We eat and live like kings on a paupers budget. It is a game for me.

  5. A good friend of mine does major couponing. I’m not sure how she keeps them organized, but she belongs to a couponing site and reads couponing blogs. She regularly goes to the grocery store and gets $60-$100 of groceries for something like $1.21! She’s amazing. One day I remember b/c of some gift card deals she not only saved money; she wound up PROFITING $40! She’s started teaching classes on couponing and I want to learn the ways of the Jedi master 🙂

    • My dad regularly does this as well. Somehow, because of all his coupons, the store ends up paying him. And he frequently buys $100 worth of groceries for under $5.

      I do know most of his tricks, because I see him spend time at night organizing his coupons, and I know I’d never want to live my life that way. I just hope I will always be able to afford anything I want at the grocery store.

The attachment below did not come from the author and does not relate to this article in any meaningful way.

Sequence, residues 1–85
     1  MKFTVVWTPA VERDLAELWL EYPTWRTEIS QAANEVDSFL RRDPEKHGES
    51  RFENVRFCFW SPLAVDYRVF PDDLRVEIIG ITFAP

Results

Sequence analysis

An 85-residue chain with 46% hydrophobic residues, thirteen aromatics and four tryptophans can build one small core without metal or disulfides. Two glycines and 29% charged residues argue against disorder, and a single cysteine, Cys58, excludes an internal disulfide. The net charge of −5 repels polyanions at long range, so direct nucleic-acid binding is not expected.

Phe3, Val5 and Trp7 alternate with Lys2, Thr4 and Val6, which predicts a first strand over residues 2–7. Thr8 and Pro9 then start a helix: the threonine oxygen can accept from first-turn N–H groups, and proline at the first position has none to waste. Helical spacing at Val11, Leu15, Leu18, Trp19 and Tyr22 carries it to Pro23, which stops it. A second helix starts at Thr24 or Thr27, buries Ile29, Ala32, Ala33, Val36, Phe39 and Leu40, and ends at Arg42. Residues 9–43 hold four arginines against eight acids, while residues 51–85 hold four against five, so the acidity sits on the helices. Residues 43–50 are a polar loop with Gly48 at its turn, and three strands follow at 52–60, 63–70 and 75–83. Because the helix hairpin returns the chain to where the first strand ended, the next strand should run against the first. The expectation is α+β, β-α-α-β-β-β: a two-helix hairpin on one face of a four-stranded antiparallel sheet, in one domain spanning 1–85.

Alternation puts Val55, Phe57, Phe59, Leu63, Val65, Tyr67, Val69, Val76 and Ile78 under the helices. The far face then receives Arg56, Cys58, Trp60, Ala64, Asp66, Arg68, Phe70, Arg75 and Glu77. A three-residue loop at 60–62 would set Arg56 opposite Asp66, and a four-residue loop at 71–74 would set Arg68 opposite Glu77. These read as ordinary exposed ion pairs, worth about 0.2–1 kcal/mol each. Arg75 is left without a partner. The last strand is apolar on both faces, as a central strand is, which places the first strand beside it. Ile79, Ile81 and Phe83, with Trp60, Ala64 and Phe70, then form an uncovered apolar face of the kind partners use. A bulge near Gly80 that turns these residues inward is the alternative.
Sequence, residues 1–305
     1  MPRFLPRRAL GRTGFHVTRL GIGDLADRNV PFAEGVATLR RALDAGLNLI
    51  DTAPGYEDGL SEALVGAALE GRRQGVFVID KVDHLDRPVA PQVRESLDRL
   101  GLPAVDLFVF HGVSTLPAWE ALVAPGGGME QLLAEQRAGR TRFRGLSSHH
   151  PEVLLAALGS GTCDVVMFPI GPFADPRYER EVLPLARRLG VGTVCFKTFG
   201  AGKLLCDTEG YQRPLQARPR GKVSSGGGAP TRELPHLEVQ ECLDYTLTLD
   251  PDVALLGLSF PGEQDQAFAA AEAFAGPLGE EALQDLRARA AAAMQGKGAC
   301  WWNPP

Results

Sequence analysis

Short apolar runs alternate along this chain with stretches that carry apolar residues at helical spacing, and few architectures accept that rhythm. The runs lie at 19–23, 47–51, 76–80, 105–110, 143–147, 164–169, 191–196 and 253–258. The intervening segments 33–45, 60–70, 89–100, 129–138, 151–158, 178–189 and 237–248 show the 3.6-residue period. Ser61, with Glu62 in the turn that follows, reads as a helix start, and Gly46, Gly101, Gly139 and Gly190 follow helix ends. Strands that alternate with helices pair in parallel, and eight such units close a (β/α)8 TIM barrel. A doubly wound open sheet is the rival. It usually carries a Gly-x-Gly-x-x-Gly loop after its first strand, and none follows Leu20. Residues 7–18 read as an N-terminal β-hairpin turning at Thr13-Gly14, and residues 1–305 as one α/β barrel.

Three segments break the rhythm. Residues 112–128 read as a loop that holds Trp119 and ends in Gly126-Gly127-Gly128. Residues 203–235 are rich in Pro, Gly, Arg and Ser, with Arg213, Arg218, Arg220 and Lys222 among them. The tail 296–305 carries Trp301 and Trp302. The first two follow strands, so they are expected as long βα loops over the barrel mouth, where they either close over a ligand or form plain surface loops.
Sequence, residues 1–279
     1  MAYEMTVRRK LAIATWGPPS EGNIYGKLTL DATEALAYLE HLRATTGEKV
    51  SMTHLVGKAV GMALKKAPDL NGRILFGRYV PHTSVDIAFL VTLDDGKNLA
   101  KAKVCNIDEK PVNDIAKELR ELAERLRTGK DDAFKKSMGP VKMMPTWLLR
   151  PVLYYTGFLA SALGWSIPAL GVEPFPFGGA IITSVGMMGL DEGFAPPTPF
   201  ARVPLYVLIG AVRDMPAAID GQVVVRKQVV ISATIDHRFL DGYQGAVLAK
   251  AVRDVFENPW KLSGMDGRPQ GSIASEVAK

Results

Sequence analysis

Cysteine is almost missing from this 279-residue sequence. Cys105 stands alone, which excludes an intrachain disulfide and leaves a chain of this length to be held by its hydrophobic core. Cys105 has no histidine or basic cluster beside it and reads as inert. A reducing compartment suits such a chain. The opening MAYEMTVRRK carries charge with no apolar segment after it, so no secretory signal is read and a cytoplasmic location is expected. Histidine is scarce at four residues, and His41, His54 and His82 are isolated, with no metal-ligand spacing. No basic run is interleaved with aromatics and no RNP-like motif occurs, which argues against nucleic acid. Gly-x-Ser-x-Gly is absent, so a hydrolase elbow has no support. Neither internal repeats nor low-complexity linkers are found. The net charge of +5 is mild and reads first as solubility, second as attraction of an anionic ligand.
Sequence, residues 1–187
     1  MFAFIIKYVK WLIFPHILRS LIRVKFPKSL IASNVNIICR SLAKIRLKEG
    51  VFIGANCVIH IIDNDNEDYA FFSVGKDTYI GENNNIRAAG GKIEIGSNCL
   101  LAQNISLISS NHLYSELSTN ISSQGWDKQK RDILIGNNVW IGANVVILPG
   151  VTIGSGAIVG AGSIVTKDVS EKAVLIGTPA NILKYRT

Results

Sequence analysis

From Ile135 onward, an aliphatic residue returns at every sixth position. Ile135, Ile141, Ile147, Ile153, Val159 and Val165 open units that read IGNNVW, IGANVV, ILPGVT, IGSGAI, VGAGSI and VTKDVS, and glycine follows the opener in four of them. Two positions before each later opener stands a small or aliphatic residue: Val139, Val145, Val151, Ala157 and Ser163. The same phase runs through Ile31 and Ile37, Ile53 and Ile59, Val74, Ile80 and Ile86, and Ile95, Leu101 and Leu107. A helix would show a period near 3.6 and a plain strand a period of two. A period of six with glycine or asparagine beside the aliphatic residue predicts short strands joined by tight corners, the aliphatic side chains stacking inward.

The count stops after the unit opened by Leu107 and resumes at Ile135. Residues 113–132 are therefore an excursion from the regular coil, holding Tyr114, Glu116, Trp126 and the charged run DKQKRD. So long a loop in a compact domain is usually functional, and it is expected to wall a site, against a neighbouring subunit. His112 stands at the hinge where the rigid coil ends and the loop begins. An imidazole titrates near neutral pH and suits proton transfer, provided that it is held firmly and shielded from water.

I’m trying to be more like my mom than my dad–she spends on things she loves (travel, food) and saves on things she doesn’t care about (clothing), and doesn’t even think about money when making small purchases. She has plenty of savings, and maxes out her 401k. Her secret? Making enough money.

  6. I am also a hard core couponer. My family of 3 has a ~$70 per month grocery bill. I get all of my shampoo, conditioner, laundry detergent, deodorant, etc from drug stores that PAY me to take their merchandise. As I said on a previous post, I also sell my excess “stock” to coworkers/friends.

    It is a hobby for me but I save time by filing whole inserts, viewing grocery/drug store ads weeks in advance & using coupon databases so I know where to locate a coupon I need. I used this method to get us out of credit card debt and we are now working on building savings to 20K by the end of the year.

  7. Kate’s system above, using Evernote, seems interesting.

    I would like to see what the spreadsheet is set up like. Perhaps once everything is in place it doesn’t take too long to maintain?

    If it does take a lot of time then it’s not for me. With three kids you would think doing some major couponing would be good but we just don’t have that kind of time. We’d really have to see some real return on time. I’d rather take the time and work on my site to earn more income.

  8. $320 for a family of 4? How about $15 for a family of 6?